Pandora Halfdanarson is a successful businesswoman; the person behind the Baby Monotonous doll which has become the must have grown-up toy. She lives in Iowa with her husband Fletcher Feuerbach, a carpenter who makes custom furniture, and his two teenage children Tanner and Cody. She is also the daughter of Travis Appaloosa, jazz musician and TV screenwriter, and has two siblings – the much younger sister, Solstice and a brother, Edison.
As the novel begins, Pandora receives a telephone call from New York jazz musician Slack Muncie, telling her Edison is homeless and ‘needs “someone to take care of him”’. Fletcher is less than happy about Edison coming to stay but Pandora points out that he’s her brother and Fletcher, having no siblings of his own, has to concede.
As Pandora waits in the airport for Edison, she overhears a conversation between a man and a woman regarding an oversized passenger who took up too much room and smelled:
…the pariah…must have been the very large gentleman whom two flight attendants were rolling into baggage claim in an extra-wide wheelchair. A curious glance in the heavy passenger’s direction pierced me with a sympathy so searing I might have been shot. Looking at that man was like falling into a hole, and I had to look away because it was rude to stare, and even ruder to cry.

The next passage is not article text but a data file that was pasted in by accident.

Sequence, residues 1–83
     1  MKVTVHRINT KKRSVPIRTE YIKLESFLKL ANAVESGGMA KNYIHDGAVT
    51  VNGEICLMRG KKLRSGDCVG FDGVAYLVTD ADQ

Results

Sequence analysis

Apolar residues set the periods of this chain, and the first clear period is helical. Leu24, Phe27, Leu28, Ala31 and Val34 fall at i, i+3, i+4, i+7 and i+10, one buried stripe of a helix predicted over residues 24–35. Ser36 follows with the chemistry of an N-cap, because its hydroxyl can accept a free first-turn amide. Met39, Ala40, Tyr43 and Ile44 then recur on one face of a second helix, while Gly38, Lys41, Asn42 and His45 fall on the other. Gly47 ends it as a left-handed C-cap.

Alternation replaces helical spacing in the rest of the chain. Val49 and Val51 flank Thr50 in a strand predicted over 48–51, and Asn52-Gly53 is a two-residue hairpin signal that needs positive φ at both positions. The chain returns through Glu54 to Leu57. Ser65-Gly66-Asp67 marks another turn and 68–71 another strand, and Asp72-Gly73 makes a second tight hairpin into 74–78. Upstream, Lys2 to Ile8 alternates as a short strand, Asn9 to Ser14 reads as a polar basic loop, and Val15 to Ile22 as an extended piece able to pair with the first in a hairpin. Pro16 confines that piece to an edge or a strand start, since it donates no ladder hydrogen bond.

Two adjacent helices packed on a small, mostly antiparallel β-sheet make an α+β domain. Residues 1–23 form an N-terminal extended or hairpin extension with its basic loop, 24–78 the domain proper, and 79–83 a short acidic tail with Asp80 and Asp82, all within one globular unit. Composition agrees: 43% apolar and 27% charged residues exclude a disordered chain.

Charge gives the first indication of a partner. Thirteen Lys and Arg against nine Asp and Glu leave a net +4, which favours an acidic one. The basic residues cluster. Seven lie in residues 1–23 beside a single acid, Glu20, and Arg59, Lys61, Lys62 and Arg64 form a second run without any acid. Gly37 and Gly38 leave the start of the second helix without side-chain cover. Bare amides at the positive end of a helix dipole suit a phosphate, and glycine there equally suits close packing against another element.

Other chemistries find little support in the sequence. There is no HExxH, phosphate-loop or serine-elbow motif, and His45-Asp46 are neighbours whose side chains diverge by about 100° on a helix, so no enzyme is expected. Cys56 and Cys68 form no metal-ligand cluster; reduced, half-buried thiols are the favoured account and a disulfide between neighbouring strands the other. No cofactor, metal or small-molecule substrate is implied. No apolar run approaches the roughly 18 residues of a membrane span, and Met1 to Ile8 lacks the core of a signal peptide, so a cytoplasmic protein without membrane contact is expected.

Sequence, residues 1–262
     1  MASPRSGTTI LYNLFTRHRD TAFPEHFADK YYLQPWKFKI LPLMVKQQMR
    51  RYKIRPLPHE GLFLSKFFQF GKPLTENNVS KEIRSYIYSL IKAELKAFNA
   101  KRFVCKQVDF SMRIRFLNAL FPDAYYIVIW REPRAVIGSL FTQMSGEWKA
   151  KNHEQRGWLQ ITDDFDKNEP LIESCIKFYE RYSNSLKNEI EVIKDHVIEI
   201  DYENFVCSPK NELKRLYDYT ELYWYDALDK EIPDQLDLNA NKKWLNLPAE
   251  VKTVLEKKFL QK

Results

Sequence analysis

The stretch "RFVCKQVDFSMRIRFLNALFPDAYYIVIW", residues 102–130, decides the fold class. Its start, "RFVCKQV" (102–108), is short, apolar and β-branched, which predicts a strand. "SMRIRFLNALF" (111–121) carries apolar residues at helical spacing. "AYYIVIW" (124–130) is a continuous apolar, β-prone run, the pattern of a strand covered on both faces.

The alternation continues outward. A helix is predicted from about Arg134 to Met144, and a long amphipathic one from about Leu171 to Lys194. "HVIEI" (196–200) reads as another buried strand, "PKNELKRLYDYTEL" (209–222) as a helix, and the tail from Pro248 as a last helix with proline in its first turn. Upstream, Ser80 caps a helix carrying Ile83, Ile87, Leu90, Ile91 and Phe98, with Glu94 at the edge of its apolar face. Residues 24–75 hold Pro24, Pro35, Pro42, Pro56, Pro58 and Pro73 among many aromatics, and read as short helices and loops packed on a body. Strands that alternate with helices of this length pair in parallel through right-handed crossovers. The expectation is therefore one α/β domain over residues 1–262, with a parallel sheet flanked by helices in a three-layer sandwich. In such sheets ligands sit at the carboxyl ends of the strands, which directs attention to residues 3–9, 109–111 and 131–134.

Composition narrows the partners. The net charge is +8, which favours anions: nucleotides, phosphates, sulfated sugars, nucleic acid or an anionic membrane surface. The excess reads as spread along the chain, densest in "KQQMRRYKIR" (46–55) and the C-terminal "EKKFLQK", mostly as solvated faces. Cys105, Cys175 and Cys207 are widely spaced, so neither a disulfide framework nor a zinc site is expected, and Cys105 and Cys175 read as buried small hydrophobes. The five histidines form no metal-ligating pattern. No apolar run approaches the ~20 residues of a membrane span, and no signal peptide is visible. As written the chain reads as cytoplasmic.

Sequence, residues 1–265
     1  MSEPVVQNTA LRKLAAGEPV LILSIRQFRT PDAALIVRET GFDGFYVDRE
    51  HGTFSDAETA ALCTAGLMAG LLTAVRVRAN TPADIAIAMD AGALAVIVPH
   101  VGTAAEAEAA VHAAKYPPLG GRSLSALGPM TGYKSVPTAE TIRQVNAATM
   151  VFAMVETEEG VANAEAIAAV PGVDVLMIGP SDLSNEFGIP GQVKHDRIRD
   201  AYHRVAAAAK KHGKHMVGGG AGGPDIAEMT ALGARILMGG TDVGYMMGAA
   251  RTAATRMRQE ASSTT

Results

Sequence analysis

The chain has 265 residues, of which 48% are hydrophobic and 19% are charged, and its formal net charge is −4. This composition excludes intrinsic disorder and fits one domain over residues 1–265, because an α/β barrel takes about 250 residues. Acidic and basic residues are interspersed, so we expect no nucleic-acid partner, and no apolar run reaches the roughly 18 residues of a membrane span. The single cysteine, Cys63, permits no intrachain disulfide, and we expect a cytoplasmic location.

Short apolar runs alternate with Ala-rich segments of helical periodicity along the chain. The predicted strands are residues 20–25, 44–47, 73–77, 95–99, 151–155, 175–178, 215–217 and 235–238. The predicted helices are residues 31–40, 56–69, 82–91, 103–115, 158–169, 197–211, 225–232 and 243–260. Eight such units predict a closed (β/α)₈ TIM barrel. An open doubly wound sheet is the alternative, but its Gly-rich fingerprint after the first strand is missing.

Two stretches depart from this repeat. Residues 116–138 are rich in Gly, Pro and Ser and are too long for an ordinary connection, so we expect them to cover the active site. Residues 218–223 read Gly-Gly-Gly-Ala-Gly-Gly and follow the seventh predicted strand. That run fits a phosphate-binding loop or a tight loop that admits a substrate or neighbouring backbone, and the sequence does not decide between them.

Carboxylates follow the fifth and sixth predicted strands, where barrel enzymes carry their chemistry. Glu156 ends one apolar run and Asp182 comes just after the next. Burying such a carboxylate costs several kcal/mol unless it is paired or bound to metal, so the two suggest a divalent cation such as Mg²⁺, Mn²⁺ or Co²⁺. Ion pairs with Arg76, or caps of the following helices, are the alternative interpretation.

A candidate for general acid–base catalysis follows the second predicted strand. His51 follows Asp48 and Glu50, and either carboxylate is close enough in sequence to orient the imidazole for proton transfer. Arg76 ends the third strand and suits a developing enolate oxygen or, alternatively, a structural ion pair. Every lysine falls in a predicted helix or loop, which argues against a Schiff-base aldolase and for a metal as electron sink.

“Yo, don’t recognize your own brother?”
When Pandora gets Edison home, he literally becomes the elephant in the room:
“…notice how she keeps pretending how everything’s all normal? Like, nobody’s supposed to mention that ‘Uncle Edison’ barely fits through the fucking door”.
The question is what are they going to do about it?
It would have been easy for a novel like this to fall into monotony, practically repeating a mantra of ‘fat is bad’ but Shriver’s better than that and instead uses it to explore all our issues around body image – the overweight; the underweight; exercise; diets; routines; obsessions; control. In a society where ‘perfect’ bodies are lauded in our newspapers and magazines, on the internet and television; where a few pounds of weight gain or loss are dissected on front pages, and the latest diet is given a spot in each weekly edition of women’s magazines, this is a obviously a pertinent topic.
And this is not just Edison’s story; it is also Pandora’s. Pandora, as a modern successful woman, step-parent with no biological children of her own, and the family’s breadwinner, has issues of her own to explore. Besides being a discussion about weight, this is also a novel about women’s place in society, specifically at work and at home. Where do we fit if we’re successful? Are we capable of helping to raise children if we haven’t produced any of our own? How do we negotiate the territory of earning more than our spouse?
This is a thought-provoking novel that will no doubt stir some controversy. But the answer you’re looking for is yes, I do think it’s better than We Need to Talk About Kevin and it’s the novel we’ll all be talking about for months to come.
Thanks to HarperCollins for the review copy.